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Ticino restaurant sold, end of an era

“All good things must come to an end, and I’m happy, I’m very happy. I wish good luck to the new owners and it’s nice to be on the retired side of the business, for sure.”

BANFF – The Widmer family’s rich legacy with Ticino Swiss-Italian Restaurant has come to an end after four decades.

Following 44 years in business, Ticino’s last day of service under the Widmer family name was on May 28 with the new owners taking over on June 1.

Erwin Widmer, who left his native Switzerland in the late 1960s, brought authentic European tradition and his love of fine food to the business.

While there have been many ups and downs, he said it has been an incredible privilege to share his Swiss roots and raise a family in Banff with his wife Lorraine Widmer-Carson and “I wouldn’t change a thing.”

“Because we are in a landlord situation, and we don’t own the property the restaurant is in, it is not always easy and so we decided to sell it,” he said.

“All good things must come to an end, and I’m happy, I’m very happy. I wish good luck to the new owners and it’s nice to be on the retired side of the business, for sure.”

The restaurant is an institution in Banff, serving up fondues, a Swiss classic, and other fine dining favourites.

The Widmer family calculates Ticino has probably served eight fondues per day on average, eleven months a year, with each fondue for two containing 300 grams of cheese.

Over 44 years, that works out to more than 130,000 fondues that have been prepared in the Ticino kitchens and approximately 40 tons of authentic Swiss cheese has been grated, melted, served and savoured.

“But each fondue is for two people, so that means 260,000 customers who also have enjoyed thousands of litres of wine, stimulating conversations large and small,” said Widmer-Carson.

“Romance, adventure, good news and bad, Erwin’s style of hosting the world with his authentic brand of Swiss-Italian-Canadian hospitality has comforted thousands of people over the years.”

Banff Mayor Corrie DiManno, whose great aunt, Michelina DiManno, was the original Ticino chef and kitchen manager, said the restaurant has been a staple in the community for more than 40 years and will be missed.

“Ticino has been this mountain culture hub in Banff and they’ve been able to bring people from all over the world into their restaurant and they’ve made those people feel like it’s their second home,” she said.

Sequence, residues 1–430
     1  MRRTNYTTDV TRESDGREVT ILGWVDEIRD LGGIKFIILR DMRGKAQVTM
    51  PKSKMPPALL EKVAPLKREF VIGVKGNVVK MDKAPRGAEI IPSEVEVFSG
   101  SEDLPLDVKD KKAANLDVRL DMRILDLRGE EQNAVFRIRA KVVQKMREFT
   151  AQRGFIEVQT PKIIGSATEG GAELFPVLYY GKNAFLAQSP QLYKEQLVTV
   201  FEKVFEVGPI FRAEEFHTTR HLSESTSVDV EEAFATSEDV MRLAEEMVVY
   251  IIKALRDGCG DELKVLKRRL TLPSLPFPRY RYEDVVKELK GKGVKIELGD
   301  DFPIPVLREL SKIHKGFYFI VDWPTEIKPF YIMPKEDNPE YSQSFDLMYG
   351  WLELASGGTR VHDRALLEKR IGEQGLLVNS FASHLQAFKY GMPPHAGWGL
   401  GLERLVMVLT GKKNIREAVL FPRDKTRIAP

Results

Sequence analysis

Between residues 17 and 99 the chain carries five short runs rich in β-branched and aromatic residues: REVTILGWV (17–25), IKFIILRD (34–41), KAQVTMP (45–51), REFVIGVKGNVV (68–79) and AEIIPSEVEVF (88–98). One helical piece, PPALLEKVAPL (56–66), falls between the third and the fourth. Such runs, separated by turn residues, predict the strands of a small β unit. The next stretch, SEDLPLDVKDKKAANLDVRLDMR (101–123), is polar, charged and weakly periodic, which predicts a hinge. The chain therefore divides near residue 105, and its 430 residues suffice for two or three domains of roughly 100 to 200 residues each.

“Of course, that’s because of the charm and hospitality of Erwin Widmer and it is going to be missed by Banffities.”

DiManno’s personal connection to the restaurant also comes with some sentimentality.

“I really enjoyed the stories that Lorraine told me about Michelina in the kitchen over the years,” she said.

“It brings about this personal nostalgia for family and food and the simple act of sitting at a table and sharing a meal.”

After skiing and travelling, including working as a guide for heli-ski legend Mike Wiegele, Erwin bought the business in July 1979.

He had worked as a waiter in the restaurant’s original location on Wolf Street – in the current Townhouse building – when it was a disco and Italian pizzeria – first at Tita’s in 1968, then at Felice’s. In 1974, the restaurant was named Ticino, when hotelier George Schwarz added his Swiss heritage to the Italian menu.

Ticino moved from Wolf Street to its current location in the High Country Inn in 1995.

In recent years, Erwin had taken a bit of a step back from the daily operations of the restaurant, with his son Matthew Erwin and more recently son-in-law and front of house manager Louis-Pierre Helie running the show.

“I stepped in just a couple days a week to cover the days off,” he said.

The restaurant will continue to run under the Ticino name through summer, but Erwin said there are plans for renovations for the High Country Inn in fall.

“Then they will change the name in December,” he said, noting they are not announcing who they sold the business to at this time.

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